A key question we all ask, is why is there so much turmoil? Why do we have to fight about everything?
Many of us mourn the recent passing of Ravi Zacharias, Christian theologian, apologist, and founder of RZim Ministries. I have no way of measuring Ravi’s influence on the world with his kind and patient yet incisive analysis of Christian issues. I only hope that I can someday approach being as patient yet solid in my defense of the faith.
Ravi wrote and taught brilliantly but was always willing to commend other excellent writers as well. One such recommendation is Jesus Through Middle Eastern Eyes, by Kenneth E. Bailey.
In his chapter, “Who did Jesus Come to Save?” Bailey reminds us of Matthew 1:20-21 when the Holy Spirit told Joseph, “… He sill save His people from their sins.” That is what got Jesus crucified. People didn’t want to be saved from their sins, they wanted to be saved from the oppression of the Romans. When Jesus repeatedly reminded them of their sins, rather than repent, they killed Him.
Humble, NOT humiliate
On more than just a minute’s reflection, I realize I am the same. I would rather try to force my neighbor to live by my rules than to humble myself (NOT humiliate) and clean up my own act. It is less painful to fight than to face my own “sins.”
I read a lot of history, and a recurring theme is the infighting of senior officers with their peers. Rather than humble themselves and cooperate with each other, they would simply go their own way. I read of battles, campaigns, and entire wars that were lost through this bickering. It is impossible to number the, perhaps, millions of casualties, both military and civilian, that came from such foolishness.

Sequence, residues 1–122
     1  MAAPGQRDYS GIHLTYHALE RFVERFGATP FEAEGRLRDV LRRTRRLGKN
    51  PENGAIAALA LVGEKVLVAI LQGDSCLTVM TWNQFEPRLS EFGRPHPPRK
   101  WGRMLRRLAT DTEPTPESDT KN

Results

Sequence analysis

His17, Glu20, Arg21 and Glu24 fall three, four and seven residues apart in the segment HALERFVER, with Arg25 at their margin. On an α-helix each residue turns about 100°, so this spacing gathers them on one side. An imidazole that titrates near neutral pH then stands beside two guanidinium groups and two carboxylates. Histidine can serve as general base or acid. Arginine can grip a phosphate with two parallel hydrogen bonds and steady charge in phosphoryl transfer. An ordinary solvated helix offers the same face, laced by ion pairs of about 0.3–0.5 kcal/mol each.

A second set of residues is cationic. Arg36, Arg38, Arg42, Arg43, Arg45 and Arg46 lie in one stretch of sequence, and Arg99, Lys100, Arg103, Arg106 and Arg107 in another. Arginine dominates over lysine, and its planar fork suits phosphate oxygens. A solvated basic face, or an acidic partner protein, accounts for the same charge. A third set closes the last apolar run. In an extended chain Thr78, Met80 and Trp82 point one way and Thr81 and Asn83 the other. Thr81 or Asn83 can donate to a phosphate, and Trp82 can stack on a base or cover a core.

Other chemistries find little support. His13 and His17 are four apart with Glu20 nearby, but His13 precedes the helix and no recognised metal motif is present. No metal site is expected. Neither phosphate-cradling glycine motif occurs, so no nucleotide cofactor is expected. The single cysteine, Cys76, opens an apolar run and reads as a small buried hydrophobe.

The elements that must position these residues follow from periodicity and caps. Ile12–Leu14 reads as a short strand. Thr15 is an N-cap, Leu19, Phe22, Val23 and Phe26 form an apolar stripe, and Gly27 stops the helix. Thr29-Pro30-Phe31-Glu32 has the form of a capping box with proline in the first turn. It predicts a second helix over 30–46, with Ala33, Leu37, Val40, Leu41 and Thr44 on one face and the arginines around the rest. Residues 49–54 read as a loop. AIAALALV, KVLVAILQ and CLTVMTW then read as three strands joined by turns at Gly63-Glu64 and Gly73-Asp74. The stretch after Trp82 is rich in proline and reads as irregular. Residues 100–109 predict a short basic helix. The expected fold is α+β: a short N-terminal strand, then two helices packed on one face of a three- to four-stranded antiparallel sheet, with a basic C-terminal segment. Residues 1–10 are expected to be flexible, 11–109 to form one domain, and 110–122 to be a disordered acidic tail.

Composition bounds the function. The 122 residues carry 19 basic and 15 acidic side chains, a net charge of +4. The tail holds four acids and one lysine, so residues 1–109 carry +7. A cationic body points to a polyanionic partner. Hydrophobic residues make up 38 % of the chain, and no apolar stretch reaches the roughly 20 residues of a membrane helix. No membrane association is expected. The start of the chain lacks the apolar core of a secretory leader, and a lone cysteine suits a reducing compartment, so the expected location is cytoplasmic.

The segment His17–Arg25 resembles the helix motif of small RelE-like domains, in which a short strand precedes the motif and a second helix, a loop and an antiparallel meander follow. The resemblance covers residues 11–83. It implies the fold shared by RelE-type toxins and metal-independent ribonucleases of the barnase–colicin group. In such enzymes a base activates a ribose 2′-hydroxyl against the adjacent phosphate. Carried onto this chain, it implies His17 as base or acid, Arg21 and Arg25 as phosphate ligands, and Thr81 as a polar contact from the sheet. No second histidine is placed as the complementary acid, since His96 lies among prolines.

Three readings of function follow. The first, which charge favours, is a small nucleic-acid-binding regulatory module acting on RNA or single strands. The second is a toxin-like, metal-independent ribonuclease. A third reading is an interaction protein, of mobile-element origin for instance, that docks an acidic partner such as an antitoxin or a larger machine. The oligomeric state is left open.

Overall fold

Lion of Judah
I am certainly NOT advocating passively letting others roll over us. Jesus always confronted corrupt and immoral leaders. One of His names is “Lion of Judah.” Hence His crucifixion.
And please don’t try to counter with the “Lamb of God” stuff. Jesus never acted like a lamb except once. The “lamb” metaphor is accurate ONLY because He was perfect and unblemished and pure, allowing Him to be the perfect sacrificial “Lamb of God.”
Jesus was humble, kind, patient, and loving toward people came to him in like manner, but He was fierce and immovable when challenged by anyone who attempted to dilute His message or His mission. He allowed His earthly body to be destroyed rather than back off.
Logs and Specks
Rather, let’s look again at Matthew 7:4-5 when Jesus talks about removing the “log” in our own eye before trying to remove the “speck” from someone else’s eye. It is hypocritical to spend more time trying to “fix” others than facing our own short comings.
I suspect responses to this blog will illustrate my point as some of you will prefer the “I’m right, you’re wrong!” mantra complete with name calling, rather than consider the possibilities.
So, who did Jesus come to save? He came to save the humble and repentant, not the proud and arrogant.
Why? He came to save us from our sins.
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Fred Parker is the Director of Course Design and Development at www.PathfinderCoaches.com. Fred has half a century as a Performance Management Consultant designing, developing, and delivering performance-based training including all manner of technical training, individual development soft skills, and basic leadership. Clients include all sizes from a local sandwich shop to the military to fortune 500 multinationals. Now Fred is converting previous ILT courses to remote delivery courses available on our web site. Fred has also taught Sunday school classes, and Teacher Training for Sunday School teachers.